(The views expressed by our guest columnists are not necessarily those of the Celebrity Baby Blog.)
I thought for a while about not writing this post. It involves Britney Spears and for a gazillion reasons I don’t want to be yet another writer/reporter/blogger/person writing about her and her endless issues. It also makes some pretty big generalizations based on a few data points and that’s not my favorite type of post. But I just couldn’t make it go away, I kept thinking about it, and so here goes.
This weekend I was browsing through The New York Times online (the only way I get to catch up on reading the paper these days, during nap time, while taking a 10-minute break from work) and came across an article titled Boys Will Be Boys, Girls Will Be Hounded By The Media. It’s main point is the fact that the press seems to be much harsher and tougher on women celebrities than on men. (E.g. When Kiefer Sutherland got released from jail, most media outlets ignored the event, but a pandemic of coverage erupted when Paris Hilton returned to complete her jail sentence.)
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I’m not what you’d call a celebrity junkie (OK, I read through US Weekly when I am stuck at an airport), so I was ready to move on to the next article when I read this:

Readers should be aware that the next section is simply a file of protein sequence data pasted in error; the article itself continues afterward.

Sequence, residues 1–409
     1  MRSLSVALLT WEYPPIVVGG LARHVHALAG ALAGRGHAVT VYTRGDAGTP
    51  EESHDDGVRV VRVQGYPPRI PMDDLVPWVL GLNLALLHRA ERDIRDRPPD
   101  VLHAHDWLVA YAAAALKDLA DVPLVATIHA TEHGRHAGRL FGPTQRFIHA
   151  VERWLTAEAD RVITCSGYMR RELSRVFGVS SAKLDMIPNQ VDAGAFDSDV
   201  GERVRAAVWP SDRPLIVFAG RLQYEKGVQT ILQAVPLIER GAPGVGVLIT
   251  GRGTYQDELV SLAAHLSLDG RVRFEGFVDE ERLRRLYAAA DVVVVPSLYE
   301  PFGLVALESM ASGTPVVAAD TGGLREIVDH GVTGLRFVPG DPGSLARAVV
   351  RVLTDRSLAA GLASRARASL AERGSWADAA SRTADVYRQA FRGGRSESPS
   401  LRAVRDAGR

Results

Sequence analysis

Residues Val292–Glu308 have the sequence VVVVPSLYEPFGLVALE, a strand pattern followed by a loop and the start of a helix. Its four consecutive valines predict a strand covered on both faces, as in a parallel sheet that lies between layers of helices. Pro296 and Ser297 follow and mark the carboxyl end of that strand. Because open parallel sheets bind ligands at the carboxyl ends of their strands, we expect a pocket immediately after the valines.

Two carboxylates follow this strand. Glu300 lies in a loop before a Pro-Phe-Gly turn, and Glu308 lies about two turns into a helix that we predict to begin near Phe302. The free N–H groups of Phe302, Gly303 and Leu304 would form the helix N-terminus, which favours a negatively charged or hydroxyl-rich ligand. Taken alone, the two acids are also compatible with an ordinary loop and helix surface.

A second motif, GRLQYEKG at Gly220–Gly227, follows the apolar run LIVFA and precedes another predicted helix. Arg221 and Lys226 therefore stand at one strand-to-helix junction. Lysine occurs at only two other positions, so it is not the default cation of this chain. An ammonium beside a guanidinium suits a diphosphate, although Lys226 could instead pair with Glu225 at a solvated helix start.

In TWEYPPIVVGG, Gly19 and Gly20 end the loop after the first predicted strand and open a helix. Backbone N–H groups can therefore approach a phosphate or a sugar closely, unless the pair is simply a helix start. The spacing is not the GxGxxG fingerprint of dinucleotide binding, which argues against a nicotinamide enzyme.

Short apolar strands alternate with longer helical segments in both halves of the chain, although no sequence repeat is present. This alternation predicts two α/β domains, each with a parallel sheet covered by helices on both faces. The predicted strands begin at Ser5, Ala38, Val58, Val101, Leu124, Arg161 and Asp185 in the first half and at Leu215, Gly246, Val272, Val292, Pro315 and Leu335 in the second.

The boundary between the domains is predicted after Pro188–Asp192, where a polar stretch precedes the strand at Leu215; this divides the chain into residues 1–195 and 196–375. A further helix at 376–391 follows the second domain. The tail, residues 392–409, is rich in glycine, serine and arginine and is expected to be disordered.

IfBritney weren’t a mother, this story wouldn’t be getting a fraction ofattention it’s getting… The fact that the custody of her children isat stake is the fuel of this narrative. If she were a single woman,bombing around in her car with paparazzi following, it wouldn’t be thesame.
I agree. When I saw footage of Britney riding around in a car withher son on her lap I couldn’t believe it and when I see coverage of herdemise I usually think about her poor kids and how it’s affecting them.And since the majority of celebrity magazine readers are women and manyof them moms, it makes sense that her story keeps getting coverage –it causes reactions and reactions sell copies
But — and hereit is the big generalization I warned about — I think one of thereasons Britney’s being a mom is fueling the media coverage is becausewe (and by this I mean, we, people, Americans) tend to be more criticalof moms in general. I remembered a studyI read a while back about Americans being more critical of the job momsare doing today compared to a generation ago than dads, as compared tothe previous generation of fathers. (You can read more about it andsome Work It, Mom! member comments here.) Mommy wars get a ton more coverage than daddy wars. Heck, even my own mom is a lot more critical of me now that I am a mom (but we’ll leave that for another blog post.)
Part of me thinks our society has the right to be more critical ofmoms because we have one of the most incredible responsibilities I knowof — raising children. But c’mon, the 1950s are done with and manyfathers are as involved, if not more, in raising kids and impactingtheir future. So shouldn’t we see more critical stories about celebritydads who aren’t doing their jobs? And maybe even more importantly,don’t moms have enough to deal with without more pressure and scrutiny?
I feel a bit like a fish out of water writing a post aboutcelebrities, so sound off with your thoughts in the comments and don’tleave me contemplating here alone.
Do you feel we’re more critical of moms than dads? Women than men? Why?
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